Razor Sharp today are a five-piece band, very well known in North Norfolk for their lively (if not always strictly accurate) rendition of many standard rock, pop and R&B numbers from the 1950s to the present day. However, their name harks back to an earlier, golden, period at the Paston School. It came about in this way.
In the late 1970s and 1980s a very well-known band in the whole Norfolk area was Denim. Their drummer at the time of the breakup was Martin Richmond, a very gifted drummer and singer from Sheringham, a friend of John Stables and through him, Nigel Digby (see Canis Strange). When Denim split, Martin joined forces with another gifted Sheringham musician, Carl "Cookie" Woodrow, who may actually have been in Denim towards the end, this point needs to be verified. They linked up with guitarist Phil Goff and formed a band called Close Shave. By the early 1990s this unit had also broken up, leaving Carl at a loose end.
In order to make pin money or get free drinks at pubs like the Robin Hood or The Two Lifeboats in Sheringham, Carl recruited John Carley from Cromer on drums. Readers may remember John from his long stint working at Jarrolds, Cromer. Together they busked through many rock and pop standards, under no particular name. Billings remembered are "Rosemary and Garlic" and "The Very Poor Band". In 1992 Phil Moy (previously of North Walsham band Fallen Heroes who were also known as Razor Sharp for a time) appeared on the scene and became the bass player. Looking for a name, the coincidence of the Close Shave name prompted the adoption of Razor Sharp, a name from Phil's days at Paston, and yet a logical development of the previous name.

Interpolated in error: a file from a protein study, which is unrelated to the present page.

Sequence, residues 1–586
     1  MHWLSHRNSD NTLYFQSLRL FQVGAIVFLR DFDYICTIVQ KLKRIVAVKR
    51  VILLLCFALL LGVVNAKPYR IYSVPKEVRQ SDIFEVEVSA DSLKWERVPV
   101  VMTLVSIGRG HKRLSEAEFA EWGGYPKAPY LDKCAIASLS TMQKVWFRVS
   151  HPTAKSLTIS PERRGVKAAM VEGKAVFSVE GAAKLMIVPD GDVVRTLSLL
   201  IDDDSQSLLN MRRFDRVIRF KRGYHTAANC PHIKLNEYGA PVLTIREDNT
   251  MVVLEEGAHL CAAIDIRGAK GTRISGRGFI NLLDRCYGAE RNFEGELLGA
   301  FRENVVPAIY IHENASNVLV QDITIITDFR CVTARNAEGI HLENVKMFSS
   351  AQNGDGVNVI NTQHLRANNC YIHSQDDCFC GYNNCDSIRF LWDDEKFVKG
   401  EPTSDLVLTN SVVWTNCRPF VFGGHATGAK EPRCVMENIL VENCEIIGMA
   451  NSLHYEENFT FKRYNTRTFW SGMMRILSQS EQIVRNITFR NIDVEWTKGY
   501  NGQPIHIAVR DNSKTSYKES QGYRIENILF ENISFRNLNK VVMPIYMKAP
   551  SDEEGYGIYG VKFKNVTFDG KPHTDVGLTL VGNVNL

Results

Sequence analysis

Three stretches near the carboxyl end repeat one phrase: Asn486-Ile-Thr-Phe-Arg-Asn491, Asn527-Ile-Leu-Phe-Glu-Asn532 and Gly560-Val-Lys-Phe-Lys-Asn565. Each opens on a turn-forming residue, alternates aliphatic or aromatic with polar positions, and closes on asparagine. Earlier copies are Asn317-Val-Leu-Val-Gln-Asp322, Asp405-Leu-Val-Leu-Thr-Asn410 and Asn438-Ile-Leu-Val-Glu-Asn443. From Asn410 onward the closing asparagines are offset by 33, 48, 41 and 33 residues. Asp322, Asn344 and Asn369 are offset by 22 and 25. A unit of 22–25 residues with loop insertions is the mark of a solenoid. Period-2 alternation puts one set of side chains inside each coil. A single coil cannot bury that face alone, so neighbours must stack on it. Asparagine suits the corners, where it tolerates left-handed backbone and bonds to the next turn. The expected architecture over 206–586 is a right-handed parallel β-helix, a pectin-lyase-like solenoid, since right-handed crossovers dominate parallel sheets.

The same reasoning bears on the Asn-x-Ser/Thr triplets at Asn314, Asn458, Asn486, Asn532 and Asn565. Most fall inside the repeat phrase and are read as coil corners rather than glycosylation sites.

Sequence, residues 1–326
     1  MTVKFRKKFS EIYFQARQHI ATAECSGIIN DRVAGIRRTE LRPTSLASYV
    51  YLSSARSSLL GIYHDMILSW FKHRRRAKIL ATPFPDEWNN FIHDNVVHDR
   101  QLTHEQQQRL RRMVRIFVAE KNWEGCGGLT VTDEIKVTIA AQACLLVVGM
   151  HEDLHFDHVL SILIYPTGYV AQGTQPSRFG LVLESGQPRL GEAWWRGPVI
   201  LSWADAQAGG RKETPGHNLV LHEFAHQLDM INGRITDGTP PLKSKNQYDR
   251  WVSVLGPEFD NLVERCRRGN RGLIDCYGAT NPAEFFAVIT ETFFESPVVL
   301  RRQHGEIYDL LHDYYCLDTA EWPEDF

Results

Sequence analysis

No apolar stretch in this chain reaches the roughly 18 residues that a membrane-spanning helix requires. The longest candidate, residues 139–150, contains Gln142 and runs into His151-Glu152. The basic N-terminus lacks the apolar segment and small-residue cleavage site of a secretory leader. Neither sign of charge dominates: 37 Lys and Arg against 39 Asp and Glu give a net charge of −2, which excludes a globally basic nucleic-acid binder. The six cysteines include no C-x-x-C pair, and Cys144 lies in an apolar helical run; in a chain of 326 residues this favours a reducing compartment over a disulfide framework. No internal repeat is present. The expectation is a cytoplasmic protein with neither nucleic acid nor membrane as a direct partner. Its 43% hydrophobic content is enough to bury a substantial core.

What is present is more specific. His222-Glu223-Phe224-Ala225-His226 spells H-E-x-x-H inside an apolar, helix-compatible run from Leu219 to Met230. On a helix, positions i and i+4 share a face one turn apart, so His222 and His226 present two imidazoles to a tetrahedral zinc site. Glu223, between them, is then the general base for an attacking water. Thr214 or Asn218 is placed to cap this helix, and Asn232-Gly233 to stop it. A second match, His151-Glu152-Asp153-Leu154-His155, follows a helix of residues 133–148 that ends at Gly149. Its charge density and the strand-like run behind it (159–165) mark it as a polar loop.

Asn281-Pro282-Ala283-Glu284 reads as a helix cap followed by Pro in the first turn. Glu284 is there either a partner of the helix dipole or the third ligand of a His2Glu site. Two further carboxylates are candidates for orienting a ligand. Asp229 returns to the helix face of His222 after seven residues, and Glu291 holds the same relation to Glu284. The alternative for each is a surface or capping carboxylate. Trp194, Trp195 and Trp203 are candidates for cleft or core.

The chief reporter of The North Norfolk News, Richard Batson, was recruited as a temporary lead guitar, and the band played a very good gig for the Jarrold's dinner dance at Blackfriar's Hall in 1994. To do the PA for this gig, the band hired Nigel Digby, who was impressed by their simple but effective playing. He had been asked to bring his guitar, and guested on a couple of numbers. Richard only being a temporary member, Nigel was drafted in permanently as lead guitarist .
At first it was not easy for the new Razor Sharp. Gigs were not very frequent, as the music scene had hit a lull since the active days of the '80s, and many North Norfolk venues had got out of the habit of having bands, preferring discos or at best duos (many still do!). Fortunately the rise of new guitar bands in the mid-1990s "Britpop" boom halted this decline, and it was to Razor Sharp that Bob Brewster of The Crown Inn (Sheringham) turned, to inaugurate his now famous and well-known gig nights on Wednesdays and Sundays. The band also joined an Agency, and so from an average of one gig a month, the band was able to buld up to two or three. Admittedly, some of the gigs were tedious, such as dinner dances at The Stakis (now The Hilton) at Norwich Airport, but it was all work.
As all four members had employment of one kind or another, it wasn't easy organizing rehearsals, but gradually the set was increased, with some ambitious numbers. Occasionally the band over-reached themselves, but it must be remembered that only Carl and Nigel had been professional or semi-professional musicians before, so it was a steep learning curve for the other two.
The band recorded several promotional CDs, remaining faithful to Richard at Purple Studios. The first CD was recorded at the original premises in Yarmouth, subsequent ones being at Trowse. NO attempt was made to publicise these CDs, as they were for fans of the band and to leave at new venues.
The band's biggest coup was to become friends with Doctor Feelgood, John having visited the Feelgood's annual event on Canvey Island several times, and assisting with merchandise at gigs. Doctor Feelgood were at this stage reformed after the premature death of Lee Brilleux, but the personnel were the same that had backed Lee for many years, with a new singer.